Three days later Ash sat in the greyhound station. His long black hair was neatly pulled into ponytail by a rawhide knot tied at the nape of his neck. The vast majority of the belongings that he thought important were packed into a knapsack that rested across his lap. In fifteen minutes he would board the bus bound for L.A., in a little less than a day and a night he would arrive. A nagging voice whispered to him that there was still time to turn back, still time to forget Rena (who had always been eccentric) and her curt-to-the-point-of-rudeness letter. Ash ignored the voice and glanced down at the sturdy, inexpensive watch on his wrist. Honor and guilt had always been stronger motivators for him than common sense or self-interest. Ten minutes. Ash considered buying one of the cheap novels onsale at the concessions stand to keep him company on the long bus trip, but in the interest of thrift, decided against it. Six dollars for a few hours distraction was a luxury he could ill-afford now. Besides, Ash thought to console himself, the long bus trip will most likely be fruitful writing time. Ash startled at the crackling old voice that announced over the decrepit PA system that his bus was boarding. Ash thought fleetingly of turning his back on this trip and giving up the whole foolish idea of rescuing Rena, then began trudging toward the great argent-colored steel beast that was filling up with passengers.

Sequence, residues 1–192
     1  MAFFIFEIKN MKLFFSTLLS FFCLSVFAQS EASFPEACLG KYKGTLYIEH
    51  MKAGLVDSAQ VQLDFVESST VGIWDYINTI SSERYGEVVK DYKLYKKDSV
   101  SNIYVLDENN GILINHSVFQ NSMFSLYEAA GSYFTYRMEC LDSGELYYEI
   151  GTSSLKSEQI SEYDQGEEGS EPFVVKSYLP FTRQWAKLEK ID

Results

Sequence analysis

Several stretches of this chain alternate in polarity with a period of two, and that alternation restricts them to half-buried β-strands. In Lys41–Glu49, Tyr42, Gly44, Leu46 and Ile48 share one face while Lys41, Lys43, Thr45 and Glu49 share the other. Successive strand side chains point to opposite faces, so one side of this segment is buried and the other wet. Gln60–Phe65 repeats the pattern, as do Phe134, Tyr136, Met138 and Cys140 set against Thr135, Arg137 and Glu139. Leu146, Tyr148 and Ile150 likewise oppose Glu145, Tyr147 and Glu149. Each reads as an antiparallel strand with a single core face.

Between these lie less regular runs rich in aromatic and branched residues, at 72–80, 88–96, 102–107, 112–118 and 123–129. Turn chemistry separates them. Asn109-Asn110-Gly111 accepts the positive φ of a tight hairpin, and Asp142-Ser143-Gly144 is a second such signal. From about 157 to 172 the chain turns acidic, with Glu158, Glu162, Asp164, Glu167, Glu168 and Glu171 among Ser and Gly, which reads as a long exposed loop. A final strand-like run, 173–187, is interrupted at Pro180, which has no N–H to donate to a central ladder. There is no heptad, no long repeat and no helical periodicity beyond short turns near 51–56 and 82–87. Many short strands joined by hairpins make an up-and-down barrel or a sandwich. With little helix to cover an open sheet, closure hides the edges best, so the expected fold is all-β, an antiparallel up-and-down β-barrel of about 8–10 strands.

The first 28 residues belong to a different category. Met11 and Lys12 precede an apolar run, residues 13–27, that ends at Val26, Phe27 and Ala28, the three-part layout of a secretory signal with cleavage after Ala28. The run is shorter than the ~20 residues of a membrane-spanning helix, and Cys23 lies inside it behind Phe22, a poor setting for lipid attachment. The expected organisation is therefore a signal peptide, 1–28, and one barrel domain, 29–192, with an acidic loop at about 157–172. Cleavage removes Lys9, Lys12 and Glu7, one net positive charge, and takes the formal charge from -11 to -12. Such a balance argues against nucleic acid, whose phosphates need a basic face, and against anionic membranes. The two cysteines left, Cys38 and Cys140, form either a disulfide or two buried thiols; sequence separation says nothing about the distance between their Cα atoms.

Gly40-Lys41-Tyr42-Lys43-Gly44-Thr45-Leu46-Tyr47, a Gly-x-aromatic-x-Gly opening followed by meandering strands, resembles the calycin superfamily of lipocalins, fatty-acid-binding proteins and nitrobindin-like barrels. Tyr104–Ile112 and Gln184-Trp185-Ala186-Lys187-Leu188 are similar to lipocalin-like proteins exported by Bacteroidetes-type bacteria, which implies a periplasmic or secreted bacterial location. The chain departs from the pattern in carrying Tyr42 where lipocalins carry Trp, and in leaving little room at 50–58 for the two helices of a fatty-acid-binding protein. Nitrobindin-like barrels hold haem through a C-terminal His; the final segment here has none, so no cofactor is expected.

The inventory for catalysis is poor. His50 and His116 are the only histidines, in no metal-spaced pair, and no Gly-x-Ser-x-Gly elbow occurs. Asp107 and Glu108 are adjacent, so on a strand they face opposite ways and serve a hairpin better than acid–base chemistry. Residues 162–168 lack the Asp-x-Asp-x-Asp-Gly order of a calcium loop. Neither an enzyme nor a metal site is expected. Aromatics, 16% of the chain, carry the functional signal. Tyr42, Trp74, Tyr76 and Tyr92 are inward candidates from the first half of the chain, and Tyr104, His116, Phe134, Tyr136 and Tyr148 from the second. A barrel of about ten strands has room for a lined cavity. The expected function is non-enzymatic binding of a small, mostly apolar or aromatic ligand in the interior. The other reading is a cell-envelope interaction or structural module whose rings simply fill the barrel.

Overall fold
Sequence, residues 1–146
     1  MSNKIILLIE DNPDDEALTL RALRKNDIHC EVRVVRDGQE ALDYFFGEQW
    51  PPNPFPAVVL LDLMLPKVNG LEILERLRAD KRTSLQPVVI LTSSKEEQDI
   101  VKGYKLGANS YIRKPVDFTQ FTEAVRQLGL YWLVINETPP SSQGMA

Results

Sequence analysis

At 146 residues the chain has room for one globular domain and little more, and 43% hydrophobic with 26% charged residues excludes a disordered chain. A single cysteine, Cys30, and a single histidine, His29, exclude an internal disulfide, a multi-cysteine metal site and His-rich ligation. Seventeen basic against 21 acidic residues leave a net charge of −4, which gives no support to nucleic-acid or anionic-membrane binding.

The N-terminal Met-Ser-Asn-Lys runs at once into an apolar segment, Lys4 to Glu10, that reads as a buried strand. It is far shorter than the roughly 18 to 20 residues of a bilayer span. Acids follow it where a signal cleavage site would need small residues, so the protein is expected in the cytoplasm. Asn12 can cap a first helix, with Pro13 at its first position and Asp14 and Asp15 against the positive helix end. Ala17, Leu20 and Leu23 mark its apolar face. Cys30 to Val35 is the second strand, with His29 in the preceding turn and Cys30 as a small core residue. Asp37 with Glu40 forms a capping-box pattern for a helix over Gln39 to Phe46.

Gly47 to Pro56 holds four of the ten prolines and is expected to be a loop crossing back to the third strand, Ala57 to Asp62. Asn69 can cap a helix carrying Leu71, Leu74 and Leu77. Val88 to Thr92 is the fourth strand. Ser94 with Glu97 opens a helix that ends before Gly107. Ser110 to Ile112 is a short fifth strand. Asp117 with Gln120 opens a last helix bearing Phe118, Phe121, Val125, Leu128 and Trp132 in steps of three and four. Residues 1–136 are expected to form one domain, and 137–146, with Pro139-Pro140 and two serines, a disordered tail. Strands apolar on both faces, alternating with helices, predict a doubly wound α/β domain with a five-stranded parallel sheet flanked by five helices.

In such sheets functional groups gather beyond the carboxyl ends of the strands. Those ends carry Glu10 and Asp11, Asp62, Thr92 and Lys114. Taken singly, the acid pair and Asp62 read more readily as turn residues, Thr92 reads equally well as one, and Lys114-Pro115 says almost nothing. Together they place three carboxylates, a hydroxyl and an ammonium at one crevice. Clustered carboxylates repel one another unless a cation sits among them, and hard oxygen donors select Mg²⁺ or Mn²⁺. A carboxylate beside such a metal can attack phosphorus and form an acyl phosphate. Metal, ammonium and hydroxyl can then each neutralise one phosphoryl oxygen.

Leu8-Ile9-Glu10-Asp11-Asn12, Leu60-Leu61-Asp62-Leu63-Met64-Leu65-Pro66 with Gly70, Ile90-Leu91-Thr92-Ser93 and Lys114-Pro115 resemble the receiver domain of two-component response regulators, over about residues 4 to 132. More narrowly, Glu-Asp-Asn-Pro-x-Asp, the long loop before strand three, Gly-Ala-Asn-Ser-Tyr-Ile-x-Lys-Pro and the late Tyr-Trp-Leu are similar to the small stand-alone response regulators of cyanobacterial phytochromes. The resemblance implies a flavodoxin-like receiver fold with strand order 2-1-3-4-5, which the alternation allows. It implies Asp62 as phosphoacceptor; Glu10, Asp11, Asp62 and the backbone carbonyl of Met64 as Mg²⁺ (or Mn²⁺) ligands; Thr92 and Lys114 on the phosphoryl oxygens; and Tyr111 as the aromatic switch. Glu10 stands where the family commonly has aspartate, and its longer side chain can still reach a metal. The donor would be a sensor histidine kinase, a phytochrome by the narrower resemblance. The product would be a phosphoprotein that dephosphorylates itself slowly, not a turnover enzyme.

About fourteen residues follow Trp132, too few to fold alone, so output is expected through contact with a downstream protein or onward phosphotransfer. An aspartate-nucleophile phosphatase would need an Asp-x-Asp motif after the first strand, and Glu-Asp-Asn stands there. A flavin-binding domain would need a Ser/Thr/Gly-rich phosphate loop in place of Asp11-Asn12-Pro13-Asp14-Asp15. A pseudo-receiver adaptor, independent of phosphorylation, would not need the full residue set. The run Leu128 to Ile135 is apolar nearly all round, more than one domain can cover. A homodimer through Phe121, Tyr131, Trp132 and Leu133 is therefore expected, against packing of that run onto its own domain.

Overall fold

The bus swam smoothly through the night, its near-grace somehow belying its bulky, awkward form. The gentle snorings of road-weary passengers surrounded Ash, rising and falling like the tides. Ash stared through his reflection at the dazzling, multi-starred sky. Regret rose in Ash liquidly as he realized that the stars and constellations he had gotten so used to would be mostly obscured by the sluggish Los Angeles air and the garish lights of the city. Ash pulled a trim, tan notebook from within his knapsack, and began to write in sharp, staccato phrases.